An Unexpected Mash-up

Okay, let’s talk about Paradise Lost Book 1 because WOW. I had a really really hard time with the 16th century literature it was not my jam mostly because I felt like a dog searching for a squirrel I had no clue what was happening. Paradise Lost though, this was some vivid imagery and it all clicked. However, I think the only reason I am really understanding this is because of all the Sundays my parents sent me to Catholic Sunday school. My question is, how do readers who aren’t familiar with biblical references get a full understanding of this story? I can take a stab at answering this but I would love to hear how other people took this book with out having that background information. I think the images here were clear for me because I had the images from the Bible, but they took a funky new turn like I was watching a Harry Potter Movie. Okay no, let me correct that. Reading Paradise lost felt like I was watching a film where Billie Eilish was narrating and sining the original bible from the side of hell, Percy Jackson was swinging his sword around, and the epic battles were straight out of The Last Kingdom. That was a mouth full I know. Also, the fallen devil angels reminded me of the dark angels from Wizards of Waverley Place, remember when Justin falls for that blonde one who isn’t a real angel she’s the dark angel. That was the first time I ever felt betrayed by a character not going to lie. Hahaha, okay sorry for the Disney Channel reference but that was what was playing in my brain when reading this.

This Billie Eilish song and video very much reminds me of the first scene where the Angel’s fall from Heaven to Hell. I remember taking a class at UNH on British Literature and my professor was obsessed with Billie Eilish, yes, my suit wearing, sixty-five year old professor would bump to Billie, I can not even tell you how many hours we spent just watching her music videos ahaha. Anywho, this video was productive because it aided our understanding of a visual depiction of the underworld or better known hell. This song is challenging that hell is on earth just as much as it is after death which I think is one of the prominent themes through this book. It felt like a constant struggle for power but the devil uses fear as it’s driving force where God or divine power uses hope. We see literature talk about these two driving forces for power, look at the Hunger Games for instance. This theme hasn’t gone anywhere, it has just evolved for the common reader to enjoy it better. There was one factor that really caught my attention though, mankind, we humans, aren’t the ones in power in this story. We are simply pawns or the embodiment of sin or faith. Humans are the ones who carry out the actions we are called to do, may that be a call from the devil himself and his followers or from God and his angels. It is an interesting concept that good and bad are both depicted as human, or souls. Also thought provoking that both all powerful images are male. I wonder what God and the Devil would look like as women.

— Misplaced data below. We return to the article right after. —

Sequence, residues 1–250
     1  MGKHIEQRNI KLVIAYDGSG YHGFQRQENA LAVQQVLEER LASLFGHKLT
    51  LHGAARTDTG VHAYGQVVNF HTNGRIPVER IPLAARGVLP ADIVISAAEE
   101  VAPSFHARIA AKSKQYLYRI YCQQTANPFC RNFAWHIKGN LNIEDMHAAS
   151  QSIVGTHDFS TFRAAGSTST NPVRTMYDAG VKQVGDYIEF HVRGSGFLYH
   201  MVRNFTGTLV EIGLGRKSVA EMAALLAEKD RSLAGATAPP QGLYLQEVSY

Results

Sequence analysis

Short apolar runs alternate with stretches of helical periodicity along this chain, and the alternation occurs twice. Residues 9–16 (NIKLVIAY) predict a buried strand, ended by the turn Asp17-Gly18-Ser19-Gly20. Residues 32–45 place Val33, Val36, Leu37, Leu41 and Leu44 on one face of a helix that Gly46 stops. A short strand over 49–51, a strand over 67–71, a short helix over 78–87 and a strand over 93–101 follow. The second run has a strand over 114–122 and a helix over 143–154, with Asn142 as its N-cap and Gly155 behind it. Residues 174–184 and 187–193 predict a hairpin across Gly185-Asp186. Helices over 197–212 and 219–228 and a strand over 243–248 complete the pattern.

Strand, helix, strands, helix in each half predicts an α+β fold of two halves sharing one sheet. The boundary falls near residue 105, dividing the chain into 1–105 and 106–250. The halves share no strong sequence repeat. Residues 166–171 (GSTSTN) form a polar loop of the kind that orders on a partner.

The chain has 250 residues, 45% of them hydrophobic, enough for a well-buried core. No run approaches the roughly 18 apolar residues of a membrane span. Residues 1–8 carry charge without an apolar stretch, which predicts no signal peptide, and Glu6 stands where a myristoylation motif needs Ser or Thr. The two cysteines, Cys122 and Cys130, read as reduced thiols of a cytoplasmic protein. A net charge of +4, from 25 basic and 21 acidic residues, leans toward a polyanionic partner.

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3 thoughts on “An Unexpected Mash-up

  1. My dad is Catholic and I went to Sunday school for a few years growing up, but all in all I’m not that familiar with the bible so I feel like I’m missing out on a lot reading Paradise Lost! I feel like I might have a better understanding of it if I were more familiar with Christianity, but sometimes when the class starts discussing bible stories and things like that I find myself a bit lost.
    I also think it’s really interesting that the devil and God are both masculine figures… I thought the Christian God was supposed to be a combination of masculine and feminine (from what I understand), but he’s always referred to as ‘He’ and usually depicted visually in a traditionally masculine way, with a beard and all that. I wonder what effects the depictions of the devil and God have on our understanding of gender and gender roles? It seems masculinity is at the forefront of both good and evil, so what does that leave for everyone else?

  2. Yeah, a full ‘understanding’ of Milton’s Paradise Lost requires a thorough knowledge of the bible, Greek and Roman myth, 17th century politics and science, and some other stuff I’m forgetting right now. But our goal should never be full ‘understanding,’ I think, it should be deliberate, critical engagement with a text. And because we don’t have all the world and all the time in which to do that, that’s going to mean focusing on individual details that stand out to you and digging into those. In other words, don’t feel discouraged that ‘mastery’ of Milton seems out of reach. It isn’t the goal!

  3. I have been struggling reading “Paradise Lost”, and I think it has a lot to do with my lack of knowledge about the Bible/Christianity. I read your post earlier this week, and because you mentioned your knowledge helping you, I decided to call my step-dad who could probably quote the Bible word for word from memory. It has been so helpful to hear his depiction of what happens in the Bible in comparison to “Paradise Lost”! It was interesting to not only see the differences and understand what was being discussed, but to also talk about the differences with him. As much as this helped me understand “Paradise Lost”, it helped me understand the Christian religion better as well. When I think about that, I wish I had reached out to him earlier to get the “religion for dummies” synopsis before reading a majority of the texts we have discussed.

    Also, your thought about God and the Devil being depicted as men is interesting. Like you, I wonder how the story would be different if they were women, especially when we think of stereotypes and typical gender roles. I feel like a lot of the stories would be different. It would definitely be an interesting read!

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